Penlee Park was built to mark the Festival of Britain in 1951 and was officially opened a year later by none other than Sir Stanley Rous, then Secretary of the FA and later President of FIFA. Where Trungle Parc’s seating consists of a park bench and a few plastic chairs, Penlee Park boasts a covered stand capable of holding 200-300 (as it’s bench seating it’s difficult to be precise but it’s certainly nowhere near the 550 I’ve seen cited online). In its time the ground’s held as many as 5,000 and even now with the modern emphasis on spectator safety, it can comfortably hold a four-figure crowd.

Sir Stanley Rous officially opened Penlee Park in 1952 - click to enlarge

Nowadays though the average attendance is just sixty. During my first stint in Cornwall it was different. Around 150 used to gather every second Saturday and I once saw a crowd of 479 there. That though was when around 300 ‘Groundhoppers’ descended on West Cornwall at Easter 2002, intent on spending the holiday weekend adding nine of the most obscure football grounds in Britain to the hundreds already notched onto their anoraks.

The 2016 Boxing Day derby at Penlee Park was watched by 182 fans, the biggest crowd of the season. Both teams have fallen back from the previous term. It was probably asking too much of Mousehole to repeat their annus mirabilis but at fourth in the table they’re still a handy side as I can verify from trips there this season. Penzance, alas, have slumped right to the bottom of the league. Again, from this season’s experiences I can say with certainty this is no false position. Included among their home defeats this season are 9-3 and 8-0 thrashings.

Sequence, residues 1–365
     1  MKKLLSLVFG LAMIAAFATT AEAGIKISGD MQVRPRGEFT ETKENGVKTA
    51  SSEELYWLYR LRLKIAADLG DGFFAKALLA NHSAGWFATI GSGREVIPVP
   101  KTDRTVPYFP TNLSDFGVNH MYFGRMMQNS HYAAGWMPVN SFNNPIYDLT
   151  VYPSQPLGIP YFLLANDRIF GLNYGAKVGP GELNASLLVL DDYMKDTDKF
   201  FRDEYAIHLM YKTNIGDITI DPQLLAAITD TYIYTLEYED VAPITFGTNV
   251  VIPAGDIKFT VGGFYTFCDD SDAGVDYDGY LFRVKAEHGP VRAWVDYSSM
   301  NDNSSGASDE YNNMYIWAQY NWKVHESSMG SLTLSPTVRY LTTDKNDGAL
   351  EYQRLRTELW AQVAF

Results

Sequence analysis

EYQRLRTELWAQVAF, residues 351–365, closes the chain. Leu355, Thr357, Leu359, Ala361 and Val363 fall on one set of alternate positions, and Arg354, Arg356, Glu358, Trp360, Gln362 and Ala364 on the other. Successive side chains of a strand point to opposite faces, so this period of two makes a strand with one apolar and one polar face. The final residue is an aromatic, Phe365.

Mousehole (green) have overtaken Penzance (black and white) in recent seasons - click to enlarge

The man responsible for Mousehole’s success is player-manager Wayne Quinn, who recently turned forty but who still turns out in almost every match. Quinn – who also played for and coached Penzance – is a rare figure of class at this level. Formerly of Sheffield United, then the more famous Magpies of Newcastle United, with whom he played in the Premier League as an £800,000 signing, and West Ham United, injury put paid to his pro career at the age of 28. It’s a mark of his dedication that he still appears week in week out for the Seagulls and even at his advanced age he is still the player to watch. Four days after this match came the surprise news that Quinn had resigned.

The match kicked off at the ungodly hour of 11am but that’s not the only thing that’s out of kilter. For the temperature was so mild fans could – if they were so inclined – have left hats, scarves, gloves and raincoats behind and if they’d over-indulged on Christmas Day, feel relieved that they didn’t have to do battle between bulging waistlines and straining buttons or zips because jackets could be left open for the full 90 minutes.

Eleven in the morning and we’re under way with Mousehole (green) on the ball - click to enlarge

A tentative opening period with the Seagulls slightly ahead on points was followed by a goal for the visitors just before the quarter-hour mark. Penzance created few chances as Mousehole began to assert control after that. Nevertheless the home team managed to keep the score down till the final ten minutes of the first half when the roof caved in. From forty yards out Mousehole's Kevin Lawrence instantly trapped a clearance and lobbed over the keeper into the net. It was no fluke. It wasn’t a hopeful punt. Lawrence looked up and picked his spot before sending the ball sailing into the net. Three minutes later Mousehole scored again then the keeper was beaten at his near post as the visitors went in at the break four goals to the good.